, the average error of Cauchy PCA is only 0.032 while Laplace PCA and Gaussian PCA suffer errors of 0.882 and 9.049. The performance of MV-Student-t PCA is very similar to Gaussian PCA. For small noise (the first row), MV-Student-t PCA is nearly the same as Gaussian PCA. For large noise (the second and third row), MV-Student-t PCA works better than Gaussian PCA, but much worse than Laplace PCA and Cauchy PCA. We conjecture the reason is that in EM procedure of MV-Student-t PCA, each data instance is actually modeled using a Gaussian distribution with instance-specific variance, thereby, the final result is close to Gaussian PCA.

4.2 Face Recognition With Corruption

In this section, we investigate the problem of face recognition where face images are contaminated by severe noise (Wright et al., 2009). The same as Wright et al. (2009), we randomly corrupt a percentage of pixels and evaluate the robustness of each PCA method in recognizing corrupted faces. For face recognition, we adopt eigenface (Turk & Pentland, 1991) methodology. Given the noisy training data, we use each PCA method to recover the low rank matrix, then obtain the basis from the low rank matrix. All training and testing images are projected into the low dimensional subspace spanned by the learned basis. For each testing face, recognition is performed by finding the nearest training face in the subspace and assigning the identity of the nearest training face to the testing face. We measure the recognition accuracy under varying corruption rate . Recognition rate is defined as the ratio between the number of correctly recognized faces and the total number of test faces.

Figure 3: Face recognition accuracy under varying corruption rate. (a) rank constraint . (b) rank constraint .

We use the Extended Yale B dataset (Lee et al., 2005) consisting of 2414 frontal-face images of 38 individuals. For each individual, we randomly choose half images for training and the other half for testing. All images are resized to . Following Wright et al. (2009), we corrupt pixels by randomly replacing their values with integers sampled uniformly from . For each , we take 5 replications where for each image,

pixels are corrupted. All corrupted images are normalized to have zero mean and unit standard deviation. We perform two experiments under different rank constraint settings. In the first experiment, we set the rank constraint

of Gaussian PCA and Cauchy PCA and dimension of latent vectors in MV-Student-t to 30, and tune the tradeoff parameter of Laplace PCA to make sure the recovered low rank matrix is of rank 30. In the second experiment, rank constraint is set to 60.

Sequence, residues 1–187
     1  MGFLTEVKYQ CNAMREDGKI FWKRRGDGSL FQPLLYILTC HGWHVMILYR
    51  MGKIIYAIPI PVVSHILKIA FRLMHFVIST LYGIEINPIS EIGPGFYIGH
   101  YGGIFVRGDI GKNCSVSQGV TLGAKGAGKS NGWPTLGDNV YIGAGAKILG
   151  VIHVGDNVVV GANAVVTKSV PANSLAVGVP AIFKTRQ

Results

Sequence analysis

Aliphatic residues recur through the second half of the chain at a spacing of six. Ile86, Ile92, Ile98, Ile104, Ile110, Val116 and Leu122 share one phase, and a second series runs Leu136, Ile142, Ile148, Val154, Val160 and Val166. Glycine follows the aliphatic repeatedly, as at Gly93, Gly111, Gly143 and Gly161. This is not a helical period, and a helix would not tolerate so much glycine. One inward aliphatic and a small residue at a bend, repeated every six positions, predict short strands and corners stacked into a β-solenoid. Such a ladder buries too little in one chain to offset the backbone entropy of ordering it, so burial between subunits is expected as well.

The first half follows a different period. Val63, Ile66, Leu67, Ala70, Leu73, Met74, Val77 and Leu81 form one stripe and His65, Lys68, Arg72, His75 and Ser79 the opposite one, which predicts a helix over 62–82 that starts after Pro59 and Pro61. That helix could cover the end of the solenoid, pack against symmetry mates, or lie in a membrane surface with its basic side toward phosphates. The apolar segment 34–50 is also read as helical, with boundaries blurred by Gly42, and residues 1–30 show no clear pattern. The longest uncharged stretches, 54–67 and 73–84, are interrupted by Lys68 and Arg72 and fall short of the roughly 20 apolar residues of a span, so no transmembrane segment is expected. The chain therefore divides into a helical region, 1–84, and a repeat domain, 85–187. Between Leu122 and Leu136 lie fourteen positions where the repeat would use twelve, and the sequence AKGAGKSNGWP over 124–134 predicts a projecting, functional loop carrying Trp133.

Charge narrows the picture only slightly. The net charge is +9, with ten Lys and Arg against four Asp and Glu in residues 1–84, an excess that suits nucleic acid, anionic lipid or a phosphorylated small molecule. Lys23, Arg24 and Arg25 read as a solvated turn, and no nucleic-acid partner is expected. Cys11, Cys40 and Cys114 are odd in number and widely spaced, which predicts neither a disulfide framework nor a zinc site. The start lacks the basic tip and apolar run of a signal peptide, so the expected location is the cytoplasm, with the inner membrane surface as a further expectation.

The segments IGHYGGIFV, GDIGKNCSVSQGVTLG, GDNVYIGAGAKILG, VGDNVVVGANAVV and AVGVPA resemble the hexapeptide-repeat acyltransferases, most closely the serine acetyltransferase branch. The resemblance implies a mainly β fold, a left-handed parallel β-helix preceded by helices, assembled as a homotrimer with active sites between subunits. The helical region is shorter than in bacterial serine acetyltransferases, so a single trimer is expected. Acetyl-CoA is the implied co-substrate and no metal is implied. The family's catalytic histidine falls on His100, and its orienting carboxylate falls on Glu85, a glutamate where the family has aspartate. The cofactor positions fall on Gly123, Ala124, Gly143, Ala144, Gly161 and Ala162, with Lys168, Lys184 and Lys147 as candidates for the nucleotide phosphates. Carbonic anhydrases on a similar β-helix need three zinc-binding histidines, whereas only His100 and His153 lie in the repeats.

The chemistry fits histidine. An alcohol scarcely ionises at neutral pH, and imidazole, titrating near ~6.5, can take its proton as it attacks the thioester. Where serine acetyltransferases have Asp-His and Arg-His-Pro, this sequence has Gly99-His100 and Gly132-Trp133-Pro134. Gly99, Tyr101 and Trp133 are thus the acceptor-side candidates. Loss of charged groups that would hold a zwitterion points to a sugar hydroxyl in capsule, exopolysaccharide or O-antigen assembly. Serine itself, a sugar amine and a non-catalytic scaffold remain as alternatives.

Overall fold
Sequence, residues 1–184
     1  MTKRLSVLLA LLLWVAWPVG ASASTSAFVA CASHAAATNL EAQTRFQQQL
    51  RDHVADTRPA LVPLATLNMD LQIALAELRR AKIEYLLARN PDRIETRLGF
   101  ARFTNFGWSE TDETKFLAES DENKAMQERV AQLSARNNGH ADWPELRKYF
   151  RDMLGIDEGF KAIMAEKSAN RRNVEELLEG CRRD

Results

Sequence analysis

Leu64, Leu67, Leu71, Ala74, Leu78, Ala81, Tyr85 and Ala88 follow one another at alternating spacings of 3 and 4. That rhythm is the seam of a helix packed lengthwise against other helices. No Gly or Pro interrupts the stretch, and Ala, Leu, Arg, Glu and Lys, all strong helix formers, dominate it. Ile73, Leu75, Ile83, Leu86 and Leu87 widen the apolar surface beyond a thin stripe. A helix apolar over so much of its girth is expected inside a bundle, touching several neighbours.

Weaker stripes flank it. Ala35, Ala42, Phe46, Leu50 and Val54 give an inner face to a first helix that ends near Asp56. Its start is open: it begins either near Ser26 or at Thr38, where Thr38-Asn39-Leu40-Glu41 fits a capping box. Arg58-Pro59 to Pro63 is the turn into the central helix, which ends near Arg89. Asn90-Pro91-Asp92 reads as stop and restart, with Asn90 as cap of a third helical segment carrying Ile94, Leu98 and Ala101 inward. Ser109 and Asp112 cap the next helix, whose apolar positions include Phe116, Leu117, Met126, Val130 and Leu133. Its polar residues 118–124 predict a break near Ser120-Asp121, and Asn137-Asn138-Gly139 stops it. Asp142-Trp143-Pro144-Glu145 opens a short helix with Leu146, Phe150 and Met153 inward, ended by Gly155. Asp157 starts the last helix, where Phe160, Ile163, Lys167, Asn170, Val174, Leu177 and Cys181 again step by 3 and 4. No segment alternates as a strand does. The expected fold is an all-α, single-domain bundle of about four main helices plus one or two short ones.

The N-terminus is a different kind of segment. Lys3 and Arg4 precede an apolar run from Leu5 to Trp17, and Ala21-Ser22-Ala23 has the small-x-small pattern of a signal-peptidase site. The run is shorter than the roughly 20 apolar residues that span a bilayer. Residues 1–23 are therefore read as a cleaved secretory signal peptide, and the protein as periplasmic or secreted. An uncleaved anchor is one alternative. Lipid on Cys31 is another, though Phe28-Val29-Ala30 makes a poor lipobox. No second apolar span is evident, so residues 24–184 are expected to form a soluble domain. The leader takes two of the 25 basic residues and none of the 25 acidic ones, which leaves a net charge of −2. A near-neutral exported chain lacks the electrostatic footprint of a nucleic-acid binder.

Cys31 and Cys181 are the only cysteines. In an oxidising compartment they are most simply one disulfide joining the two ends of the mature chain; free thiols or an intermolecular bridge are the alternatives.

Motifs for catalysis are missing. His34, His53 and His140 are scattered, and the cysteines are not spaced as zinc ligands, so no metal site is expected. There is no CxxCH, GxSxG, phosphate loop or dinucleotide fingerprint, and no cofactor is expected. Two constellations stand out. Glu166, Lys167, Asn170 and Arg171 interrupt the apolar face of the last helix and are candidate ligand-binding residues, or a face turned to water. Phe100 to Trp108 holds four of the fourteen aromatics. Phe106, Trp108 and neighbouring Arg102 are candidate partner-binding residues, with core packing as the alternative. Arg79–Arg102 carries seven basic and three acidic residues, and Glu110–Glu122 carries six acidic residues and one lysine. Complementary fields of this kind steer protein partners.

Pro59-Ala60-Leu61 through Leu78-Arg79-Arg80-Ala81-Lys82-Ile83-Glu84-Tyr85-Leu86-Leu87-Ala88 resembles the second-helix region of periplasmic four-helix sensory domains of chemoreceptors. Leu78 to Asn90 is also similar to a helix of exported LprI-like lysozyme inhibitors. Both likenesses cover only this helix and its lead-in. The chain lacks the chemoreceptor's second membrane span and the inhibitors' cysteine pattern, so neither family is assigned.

Figure 3 shows the recognition accuracy under different corruption rate . It can be seen that Cauchy PCA is more robust to dense large noise than Gaussian and Laplace PCA. For (Figure 3(a)), Gaussian PCA quickly fails when exceeds 0.3. Cauchy and Laplace PCA have comparably stable performance when is below 0.5. At , the accuracy of Laplace PCA has a sharp drop while Cauchy PCA remains stable. At , the accuracy of Laplace PCA drops to 0.09 while Cauchy PCA achieves 0.27. Similar results can also be observed for (Figure 3(b)). The recognition accuracy of MV-Student-t is better than Gaussian PCA and is worse than Laplace PCA and Cauchy PCA, which is consistent with the matrix recovery results reported in Section 4.1.

Figure 4: Face reconstruction results of three PCA methods (corruption rate , rank constraint ). (a) Original face images. (b) Noise corrupted faces. (c) Reconstructed faces by Gaussian PCA. (d) Reconstructed faces by Laplace PCA. (e) Reconstructed faces by Cauchy PCA.

Figure 4 shows face reconstruction results for , . Original face images (Figure 4(a)) are heavily corrupted by noise (Figure 4(b)). Reconstructed faces (Figure 4(c)) by Gaussian PCA are in severe contamination. Laplace PCA gets better results (Figure 4(d)), but the reconstructed images are still hard to recognize. Some reconstructions even change the original appearance. For example, reconstruction for the girl in the fourth row is completely wrong. In contrast, as shown in Figure 4

(e), Cauchy PCA can successfully remove most noise and restore the original appearance. Reconstructed faces by Cauchy PCA are much easier to recognize. The reconstruction results of MV-Student-t PCA are very close to those of Gaussian PCA. We do not show them to avoid skewing Figure

4.

5 Conclusions

We propose Cauchy principal component analysis, which is robust to various noise patterns. For large dense noise, Cauchy PCA significantly outperforms Gaussian PCA and Laplace PCA. For small noise, Cauchy PCA has comparable performance with Gaussian PCA. For large noise, Cauchy PCA possesses comparable robustness with Laplace PCA. Experiments on simulated data and real world applications corroborate our intuitive and theoretical analysis of the robustness of our method. In future, we will seek further theoretical explanations and find more efficient solvers to scale Cauchy PCA to large datasets.